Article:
Author Archive
Digital
Game
Humor

Deez Nuts

The “Deez Nuts” cyber-lore is an internet sensation found in video and meme formats throughout the internet and social media. People began mashing up videos using a segment of an Instagram video in which a black man in the video prank calls someone and answers “Deez Nuts!” when the person on the other line asks who is calling.

 

“I saw it from Instagram, everybody made like, different memes and videos about it. My friend sent me a survey about it and said it was for class and when I opened it…it was just talkin about, bout deez nuts. *giggles*”

 

My informant encountered the mash-up in a different format than usual, having been introduced to it through a survey and not an Instagram video. One of her friends sent her a link to https://www.surveymonkey.com/s/9NDGKP6 after he had told her to take a survey for class, which she proceeded to open only to find out that it wasn’t actually a class survey, but a meme with the text “Deez Nuts”.

 

Analysis: When looking at this piece of cyberlore, I found that it is used primarily as a means of playing a practical joke. Though the video itself may not be particularly funny on its own, when used in a context that “pranks” other people, the pranksters and the pranked find the scenario funny because they “got someone” by getting them to open something seemingly important, only to find out that the only message is that they’ve found “Deez Nuts”. I also thought it was interesting the way that thus particular cyberlore spread and evolved. The “Deez Nuts” reference can be found in a variety of different formats, from video, to memes, to quizzes, which hints at how quickly and easily things can become varied and spread on the internet.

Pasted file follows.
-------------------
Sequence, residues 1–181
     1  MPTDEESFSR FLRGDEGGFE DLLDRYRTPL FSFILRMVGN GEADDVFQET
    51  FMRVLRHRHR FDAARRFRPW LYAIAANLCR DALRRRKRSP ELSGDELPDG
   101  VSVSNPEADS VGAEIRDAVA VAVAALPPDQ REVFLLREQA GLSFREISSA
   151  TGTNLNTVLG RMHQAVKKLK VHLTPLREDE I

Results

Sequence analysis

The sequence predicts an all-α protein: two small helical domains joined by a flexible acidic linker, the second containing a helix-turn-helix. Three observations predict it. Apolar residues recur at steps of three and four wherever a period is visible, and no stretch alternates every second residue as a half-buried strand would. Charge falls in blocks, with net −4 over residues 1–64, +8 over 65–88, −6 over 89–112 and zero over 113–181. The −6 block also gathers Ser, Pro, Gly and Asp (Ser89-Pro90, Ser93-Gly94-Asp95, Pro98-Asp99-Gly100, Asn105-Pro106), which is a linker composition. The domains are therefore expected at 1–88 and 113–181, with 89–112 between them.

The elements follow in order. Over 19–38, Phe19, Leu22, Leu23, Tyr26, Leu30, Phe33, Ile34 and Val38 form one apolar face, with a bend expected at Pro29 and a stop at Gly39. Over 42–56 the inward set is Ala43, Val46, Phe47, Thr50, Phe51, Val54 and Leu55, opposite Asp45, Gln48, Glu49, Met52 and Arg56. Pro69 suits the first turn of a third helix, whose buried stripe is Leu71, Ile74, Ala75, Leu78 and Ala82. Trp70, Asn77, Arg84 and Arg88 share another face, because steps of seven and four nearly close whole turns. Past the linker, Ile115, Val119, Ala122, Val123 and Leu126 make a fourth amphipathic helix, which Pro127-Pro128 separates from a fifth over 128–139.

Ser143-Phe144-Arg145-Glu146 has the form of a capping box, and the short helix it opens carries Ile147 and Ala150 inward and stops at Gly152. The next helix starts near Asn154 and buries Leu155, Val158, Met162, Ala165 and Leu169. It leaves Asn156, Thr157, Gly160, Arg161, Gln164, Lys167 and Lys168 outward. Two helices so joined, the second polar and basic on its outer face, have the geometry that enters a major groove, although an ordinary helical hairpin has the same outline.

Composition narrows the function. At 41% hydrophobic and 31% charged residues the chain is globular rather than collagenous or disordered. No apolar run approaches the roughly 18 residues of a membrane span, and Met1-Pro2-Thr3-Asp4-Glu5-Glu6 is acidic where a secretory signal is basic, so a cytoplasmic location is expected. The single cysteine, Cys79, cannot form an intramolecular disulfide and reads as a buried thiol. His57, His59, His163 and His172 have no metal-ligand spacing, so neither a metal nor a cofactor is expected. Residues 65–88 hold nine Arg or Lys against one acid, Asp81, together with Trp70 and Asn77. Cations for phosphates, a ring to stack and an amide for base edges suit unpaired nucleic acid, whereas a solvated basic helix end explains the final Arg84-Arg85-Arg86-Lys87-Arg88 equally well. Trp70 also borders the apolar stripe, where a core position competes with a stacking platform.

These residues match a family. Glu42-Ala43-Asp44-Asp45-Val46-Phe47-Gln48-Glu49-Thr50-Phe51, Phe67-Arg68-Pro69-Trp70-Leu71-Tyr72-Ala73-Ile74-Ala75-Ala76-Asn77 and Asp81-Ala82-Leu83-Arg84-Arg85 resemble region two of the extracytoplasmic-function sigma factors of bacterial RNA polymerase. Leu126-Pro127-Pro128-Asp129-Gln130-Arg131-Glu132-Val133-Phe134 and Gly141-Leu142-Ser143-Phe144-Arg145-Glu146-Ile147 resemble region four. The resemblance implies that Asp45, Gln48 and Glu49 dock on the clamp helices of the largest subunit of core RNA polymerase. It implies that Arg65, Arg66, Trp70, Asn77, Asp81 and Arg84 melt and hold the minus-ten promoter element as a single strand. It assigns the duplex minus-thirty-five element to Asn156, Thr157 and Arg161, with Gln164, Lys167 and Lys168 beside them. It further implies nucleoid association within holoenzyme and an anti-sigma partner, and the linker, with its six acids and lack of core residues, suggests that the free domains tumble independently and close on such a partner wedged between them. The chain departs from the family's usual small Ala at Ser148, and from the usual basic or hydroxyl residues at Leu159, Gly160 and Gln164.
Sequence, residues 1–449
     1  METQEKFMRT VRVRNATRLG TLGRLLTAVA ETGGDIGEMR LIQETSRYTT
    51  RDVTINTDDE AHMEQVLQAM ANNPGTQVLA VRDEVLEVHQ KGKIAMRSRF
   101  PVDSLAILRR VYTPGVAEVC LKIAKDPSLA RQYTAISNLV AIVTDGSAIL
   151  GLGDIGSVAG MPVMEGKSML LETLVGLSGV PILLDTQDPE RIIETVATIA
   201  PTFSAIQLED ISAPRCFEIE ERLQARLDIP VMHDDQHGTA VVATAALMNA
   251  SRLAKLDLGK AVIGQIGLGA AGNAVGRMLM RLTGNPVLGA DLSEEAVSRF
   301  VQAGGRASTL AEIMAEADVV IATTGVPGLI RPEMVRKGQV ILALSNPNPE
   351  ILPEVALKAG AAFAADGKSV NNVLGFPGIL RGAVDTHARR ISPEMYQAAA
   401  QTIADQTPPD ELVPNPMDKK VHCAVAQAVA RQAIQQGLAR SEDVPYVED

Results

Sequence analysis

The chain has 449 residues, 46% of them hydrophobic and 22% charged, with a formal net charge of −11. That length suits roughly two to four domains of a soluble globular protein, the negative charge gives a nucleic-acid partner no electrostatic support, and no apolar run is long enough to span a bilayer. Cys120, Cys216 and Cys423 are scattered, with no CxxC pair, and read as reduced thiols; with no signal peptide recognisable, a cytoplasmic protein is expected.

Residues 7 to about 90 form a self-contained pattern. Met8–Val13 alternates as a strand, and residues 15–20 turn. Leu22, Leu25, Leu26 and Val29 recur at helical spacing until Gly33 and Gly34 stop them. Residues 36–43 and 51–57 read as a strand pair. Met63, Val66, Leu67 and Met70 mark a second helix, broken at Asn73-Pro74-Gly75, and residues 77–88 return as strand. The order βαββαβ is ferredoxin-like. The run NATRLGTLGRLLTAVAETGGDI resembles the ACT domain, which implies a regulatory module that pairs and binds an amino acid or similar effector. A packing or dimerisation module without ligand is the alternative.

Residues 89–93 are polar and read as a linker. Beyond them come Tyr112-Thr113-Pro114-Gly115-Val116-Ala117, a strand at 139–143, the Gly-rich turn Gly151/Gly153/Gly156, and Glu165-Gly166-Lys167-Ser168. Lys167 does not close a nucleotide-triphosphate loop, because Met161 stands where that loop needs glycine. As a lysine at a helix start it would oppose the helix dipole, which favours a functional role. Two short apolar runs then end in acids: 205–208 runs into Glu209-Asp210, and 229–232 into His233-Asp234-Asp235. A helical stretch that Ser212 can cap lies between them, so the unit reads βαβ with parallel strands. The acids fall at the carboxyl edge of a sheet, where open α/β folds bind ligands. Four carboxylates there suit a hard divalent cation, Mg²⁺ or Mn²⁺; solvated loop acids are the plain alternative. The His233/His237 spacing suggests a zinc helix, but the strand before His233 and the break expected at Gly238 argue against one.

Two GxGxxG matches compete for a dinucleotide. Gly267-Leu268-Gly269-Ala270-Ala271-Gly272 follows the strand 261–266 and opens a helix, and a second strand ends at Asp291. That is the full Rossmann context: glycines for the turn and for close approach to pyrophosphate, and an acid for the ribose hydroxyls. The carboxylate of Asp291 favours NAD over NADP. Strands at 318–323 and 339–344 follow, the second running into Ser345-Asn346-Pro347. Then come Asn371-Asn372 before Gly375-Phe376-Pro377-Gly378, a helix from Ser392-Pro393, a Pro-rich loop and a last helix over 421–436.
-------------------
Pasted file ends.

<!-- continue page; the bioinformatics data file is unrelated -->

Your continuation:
Folk Beliefs
Magic
Narrative
Tales /märchen

Old Wives Tale on Homosexuality

My informant is the mother of a USC student. She is an immigrant from Cameroon and came to America with her husband and son before giving birth to their daughter.

 

“As a child I knew nothing about homosexuality…but there was an old wives tale I was told that, if a woman was raped by another woman, it would render the victim barren. The victim would usually dream about the encounter and the perpetrator would be confronted by village elders and be chastised.”

 

Analysis: Cameroon is a country that has deeply rooted beliefs and traditions, among these is the belief that people should not engage in relations with someone of the same sex. The importance that is placed on women to be child bearers and bring about heirs is part of the reason that there is so much stigma placed upon same-sex relations. Barrenness would be an ultimate punishment for a woman because her utmost purpose within that society is to give birth to a male heir. This belief further sets the societal framework for Cameroon and Cameroonian culture by making it very clear that homosexuality is not tolerated in society or by nature (as the female victim would mysteriously become barren after the rape).

 

Proverbs

Only A Stupid Child Falls More Than Once at the Door

My informant is the mother of a USC student. She is an immigrant from Cameroon and came to America with her husband and son before giving birth to their daughter.